The “Fight the parasite” cartoon video (Additional file 3: Movie file S1) was developed between December 2021 and August 2022. It is 2 min and 22 s in length and consists of color educational animation featuring an entertaining narrative [23] about CE transmission and prevention [15]. The video was created according to the conscious use of visuals in educational planning [24, 25] and developed to favor meaningful learning [26], engagement, HE awareness and decision-making processes [27]. Prior to video development, educational research was performed on health and hygiene practices and behaviors to prevent infection by E. granulosus, and on primary risk factors for parasite transmission, then key messages were selected (i.e. main CE prevention strategies, transmission routes) and the story script was drafted and reviewed. The “Fight the parasite” video was developed to achieve the following objectives (according to HE methodology) [9]: (i) cognition: analysis of problems and solutions to describe and provide knowledge of CE and the parasite life-cycle in animals and humans; (ii) planning: design of appropriate solutions in order to achieve parasite eradication; (iii) operation: action and adoption of appropriate behavior to guide end users in any socioeconomic context toward appropriate lifestyles. Over the course of several brainstorming sessions, the text storyline was drafted as a written document including live dialogue and voiceover. In the video, researchers and school children are depicted as the heroes of a special mission aimed at eradicating E. granulosus. The storytelling does not refer to contextual persons and is suitable for the language of children as well as their surrounding context, i.e. the cultural and disciplinary basin of reference. The comic strips are synchronized with the script and according to the content and key messages of the project. The subjects are shown as anthropomorphized animals [28], illustrated using the Apple Pencil (Apple Inc.) and Procreate, a raster graphics editor app for digital painting for iPadOS (Savage Interactive Pty Ltd., North Hobart, TA, Australia). The “Fight the parasite” clips were filmed with the visual-effects and post-production technique of chroma key compositing. Graphic resources, professional voiceover dialog, English subtitles and sound were subsequently added and merged using the professional video editing program Apple Final Cut software V. 10.6.3 (Apple Inc.).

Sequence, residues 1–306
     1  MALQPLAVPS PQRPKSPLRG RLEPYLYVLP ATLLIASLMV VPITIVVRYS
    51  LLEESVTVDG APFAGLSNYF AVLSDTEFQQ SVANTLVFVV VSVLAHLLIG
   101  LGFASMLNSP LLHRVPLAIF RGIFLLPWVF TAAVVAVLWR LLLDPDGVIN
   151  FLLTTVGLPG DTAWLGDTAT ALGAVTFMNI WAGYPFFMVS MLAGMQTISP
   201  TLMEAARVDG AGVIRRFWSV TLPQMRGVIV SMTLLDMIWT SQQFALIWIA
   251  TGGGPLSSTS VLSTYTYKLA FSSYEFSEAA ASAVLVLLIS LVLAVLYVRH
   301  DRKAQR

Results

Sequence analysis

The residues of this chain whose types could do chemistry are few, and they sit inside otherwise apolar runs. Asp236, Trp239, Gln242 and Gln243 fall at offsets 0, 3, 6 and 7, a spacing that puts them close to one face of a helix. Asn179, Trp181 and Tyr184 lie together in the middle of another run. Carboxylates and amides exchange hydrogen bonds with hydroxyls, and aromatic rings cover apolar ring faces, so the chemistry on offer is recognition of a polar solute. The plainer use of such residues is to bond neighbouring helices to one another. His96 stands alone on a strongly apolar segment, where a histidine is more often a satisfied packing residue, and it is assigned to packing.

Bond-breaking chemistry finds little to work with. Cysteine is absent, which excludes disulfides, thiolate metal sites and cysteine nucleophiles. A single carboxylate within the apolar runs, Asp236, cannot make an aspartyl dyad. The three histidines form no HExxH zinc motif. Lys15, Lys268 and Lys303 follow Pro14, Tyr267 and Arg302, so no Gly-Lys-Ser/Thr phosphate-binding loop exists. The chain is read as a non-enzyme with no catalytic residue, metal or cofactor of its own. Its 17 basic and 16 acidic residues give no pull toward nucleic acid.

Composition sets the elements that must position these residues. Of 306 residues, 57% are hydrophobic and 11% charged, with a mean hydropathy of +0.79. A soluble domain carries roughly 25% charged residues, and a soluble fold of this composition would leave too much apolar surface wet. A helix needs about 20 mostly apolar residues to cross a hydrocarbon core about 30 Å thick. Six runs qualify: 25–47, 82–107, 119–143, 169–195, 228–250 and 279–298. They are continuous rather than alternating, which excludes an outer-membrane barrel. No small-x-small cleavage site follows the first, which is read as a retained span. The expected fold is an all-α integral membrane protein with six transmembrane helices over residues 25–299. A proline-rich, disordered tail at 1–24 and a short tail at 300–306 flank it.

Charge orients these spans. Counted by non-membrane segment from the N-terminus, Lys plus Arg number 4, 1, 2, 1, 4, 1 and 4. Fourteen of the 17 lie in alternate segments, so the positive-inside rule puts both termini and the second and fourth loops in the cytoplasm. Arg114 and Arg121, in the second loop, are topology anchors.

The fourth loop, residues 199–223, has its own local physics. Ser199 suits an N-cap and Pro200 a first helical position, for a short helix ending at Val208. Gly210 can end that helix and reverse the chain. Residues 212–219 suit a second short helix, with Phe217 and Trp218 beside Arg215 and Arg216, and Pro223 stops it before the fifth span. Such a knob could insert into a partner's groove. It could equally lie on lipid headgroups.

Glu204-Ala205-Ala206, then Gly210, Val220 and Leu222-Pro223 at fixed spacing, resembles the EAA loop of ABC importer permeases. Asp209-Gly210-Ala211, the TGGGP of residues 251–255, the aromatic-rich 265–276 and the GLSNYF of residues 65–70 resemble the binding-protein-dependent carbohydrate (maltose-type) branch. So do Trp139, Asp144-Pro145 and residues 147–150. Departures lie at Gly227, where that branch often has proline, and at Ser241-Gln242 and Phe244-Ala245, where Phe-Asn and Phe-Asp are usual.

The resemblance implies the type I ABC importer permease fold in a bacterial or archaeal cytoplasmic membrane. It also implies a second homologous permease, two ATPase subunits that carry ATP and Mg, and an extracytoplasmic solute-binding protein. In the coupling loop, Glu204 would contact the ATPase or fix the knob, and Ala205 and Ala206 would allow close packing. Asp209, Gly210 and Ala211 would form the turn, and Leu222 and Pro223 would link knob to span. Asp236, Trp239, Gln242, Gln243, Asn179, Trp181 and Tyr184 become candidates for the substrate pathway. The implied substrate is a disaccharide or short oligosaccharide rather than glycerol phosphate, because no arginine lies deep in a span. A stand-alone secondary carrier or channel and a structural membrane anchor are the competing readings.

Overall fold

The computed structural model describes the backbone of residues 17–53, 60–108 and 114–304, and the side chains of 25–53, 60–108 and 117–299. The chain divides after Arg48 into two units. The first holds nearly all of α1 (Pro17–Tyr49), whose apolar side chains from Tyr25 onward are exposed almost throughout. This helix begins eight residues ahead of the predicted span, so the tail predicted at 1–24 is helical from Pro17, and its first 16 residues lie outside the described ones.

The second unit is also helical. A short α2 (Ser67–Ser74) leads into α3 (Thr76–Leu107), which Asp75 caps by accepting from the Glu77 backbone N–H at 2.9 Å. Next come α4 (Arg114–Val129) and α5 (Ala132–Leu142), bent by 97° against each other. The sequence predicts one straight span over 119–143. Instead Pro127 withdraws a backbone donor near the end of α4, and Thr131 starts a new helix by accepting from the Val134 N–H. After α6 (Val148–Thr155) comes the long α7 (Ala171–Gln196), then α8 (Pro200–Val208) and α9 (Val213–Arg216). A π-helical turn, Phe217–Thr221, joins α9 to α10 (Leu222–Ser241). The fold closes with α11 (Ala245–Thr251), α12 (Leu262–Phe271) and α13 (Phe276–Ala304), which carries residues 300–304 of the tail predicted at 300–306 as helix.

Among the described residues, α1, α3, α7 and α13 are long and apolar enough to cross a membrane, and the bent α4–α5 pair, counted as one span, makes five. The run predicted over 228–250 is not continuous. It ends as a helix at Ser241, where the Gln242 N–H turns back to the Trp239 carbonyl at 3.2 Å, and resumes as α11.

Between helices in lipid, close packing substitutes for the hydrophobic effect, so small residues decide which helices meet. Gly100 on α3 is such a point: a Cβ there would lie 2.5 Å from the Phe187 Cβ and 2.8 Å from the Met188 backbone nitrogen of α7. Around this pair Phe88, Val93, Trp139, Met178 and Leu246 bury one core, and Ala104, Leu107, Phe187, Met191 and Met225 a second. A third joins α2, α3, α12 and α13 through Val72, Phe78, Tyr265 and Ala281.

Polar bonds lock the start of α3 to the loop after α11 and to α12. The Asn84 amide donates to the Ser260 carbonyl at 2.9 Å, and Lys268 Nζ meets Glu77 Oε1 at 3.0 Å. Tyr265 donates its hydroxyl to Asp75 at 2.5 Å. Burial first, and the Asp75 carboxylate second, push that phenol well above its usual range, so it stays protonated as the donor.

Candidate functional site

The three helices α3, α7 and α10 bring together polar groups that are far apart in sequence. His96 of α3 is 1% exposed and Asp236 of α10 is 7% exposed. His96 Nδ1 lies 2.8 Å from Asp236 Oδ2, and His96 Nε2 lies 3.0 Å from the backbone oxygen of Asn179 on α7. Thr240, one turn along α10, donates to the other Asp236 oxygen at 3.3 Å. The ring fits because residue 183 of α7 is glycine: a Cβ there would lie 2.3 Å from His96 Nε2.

Pre-intervention evaluation of CE knowledge

From March to June 2022, all participants in this study were interviewed using TFD questionnaires based on CE-related knowledge and practices (Additional file 4: Text S3). The classes of school children involved, after agreement with the respective teachers, did not receive any information on CE before our intervention, to avoid bias. Each participating school child was interviewed in the classroom prior to the beginning of the participatory classroom meeting. Each questionnaire included five questions pertaining to knowledge and practices [29] on CE (see Additional file 4: Text S3).

Edutainment activity

The participating school children were subsequently engaged in a 1-h-long presentation on CE [30]. The activity was led by the members of the research team and focused on CE infection routes, transmission and prevention. The interactive lessons [29] included classroom discussion and hands-on educational activities [15], including use of a light microscope for observation of alcohol-fixed, mounted and stained E. granulosus parasites. The educational comic booklet (Additional file 1: Text S1) and the cartoon video (Additional file 3: Movie file S1) were shown and discussed on the multi-media whiteboard. Interventions were supplemented by a drawing session on CE for positive message reinforcement [31]. Some themes or nuclei (i.e. morphology of the E. granulosus, biological cycle in intermediate and definitive hosts, characteristics of eggs and their strategies for dissemination in the environment) were presented by means of brief dramatizations [32] and colorful cardboards highlighting key HE messages.

On-site edutainment tour in primary schools of a CE endemic region

The edutainment tour was carried out in Sardinia (Italy), a region considered to be hyperendemic for CE based on the annual incidence rate of hospitalized patients being fourfold higher than the national average (6.9/105 vs 1.6/105 inhabitants) [33]. Sardinia is the second largest island in the Mediterranean Sea and hosts  > 40% of the total sheep population in Italy [34]. Studies on the intermediate hosts have revealed infection rates in sheep ranging from 65.3% to 75% [7, 35], followed by cattle (41.5%), pigs (9.4%) [36] and wild boars (3.7%) [37]. Despite the numerous control campaigns that have been carried out over the past 50 years, CE is still one of the most widespread parasitic diseases in Sardinia [35], with serious social and economic consequences [7]. Between March 2022 and June 2022, the edutainment tour covered 14 municipalities located in seven historical regions of Sardinia (i.e. Romangia, Nurra, Goceano, Barbagia, Mandrolisai, Ogliastra and Campidano), including urban areas, rural areas and peri-urban settings where a previous survey had reported CE infections in animals and humans [7]. In collaboration with local educators, as well as school principals and the teaching staff, 14 primary schools were selected for inclusion in this campaign (Table 1).